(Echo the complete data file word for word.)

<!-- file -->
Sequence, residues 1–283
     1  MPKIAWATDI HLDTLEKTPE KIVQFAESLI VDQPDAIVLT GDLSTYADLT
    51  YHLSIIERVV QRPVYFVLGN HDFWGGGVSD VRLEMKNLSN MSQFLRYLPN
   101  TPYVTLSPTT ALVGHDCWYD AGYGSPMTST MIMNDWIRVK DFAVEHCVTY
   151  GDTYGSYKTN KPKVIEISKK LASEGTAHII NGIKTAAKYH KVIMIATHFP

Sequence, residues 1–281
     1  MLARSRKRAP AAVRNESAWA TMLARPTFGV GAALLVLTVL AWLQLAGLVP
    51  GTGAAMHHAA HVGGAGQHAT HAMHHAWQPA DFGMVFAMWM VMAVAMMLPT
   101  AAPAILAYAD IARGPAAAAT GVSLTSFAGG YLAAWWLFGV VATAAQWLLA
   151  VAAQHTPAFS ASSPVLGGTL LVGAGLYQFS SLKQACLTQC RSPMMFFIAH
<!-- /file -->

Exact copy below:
Sequence, residues 1–283
     1  MPKIAWATDI HLDTLEKTPE KIVQFAESLI VDQPDAIVLT GDLSTYADLT
    51  YHLSIIERVV QRPVYFVLGN HDFWGGGVSD VRLEMKNLSN MSQFLRYLPN
   101  TPYVTLSPTT ALVGHDCWYD AGYGSPMTST MIMNDWIRVK DFAVEHCVTY
   151  GDTYGSYKTN KPKVIEISKK LASEGTAHII NGIKTAAKYH KVIMIATHFP

Sequence, residues 1–281
     1  MLARSRKRAP AAVRNESAWA TMLARPTFGV GAALLVLTVL AWLQLAGLVP
    51  GTGAAMHHAA HVGGAGQHAT HAMHHAWQPA DFGMVFAMWM VMAVAMMLPT
   101  AAPAILAYAD IARGPAAAAT GVSLTSFAGG YLAAWWLFGV VATAAQWLLA
   151  VAAQHTPAFS ASSPVLGGTL LVGAGLYQFS SLKQACLTQC RSPMMFFIAH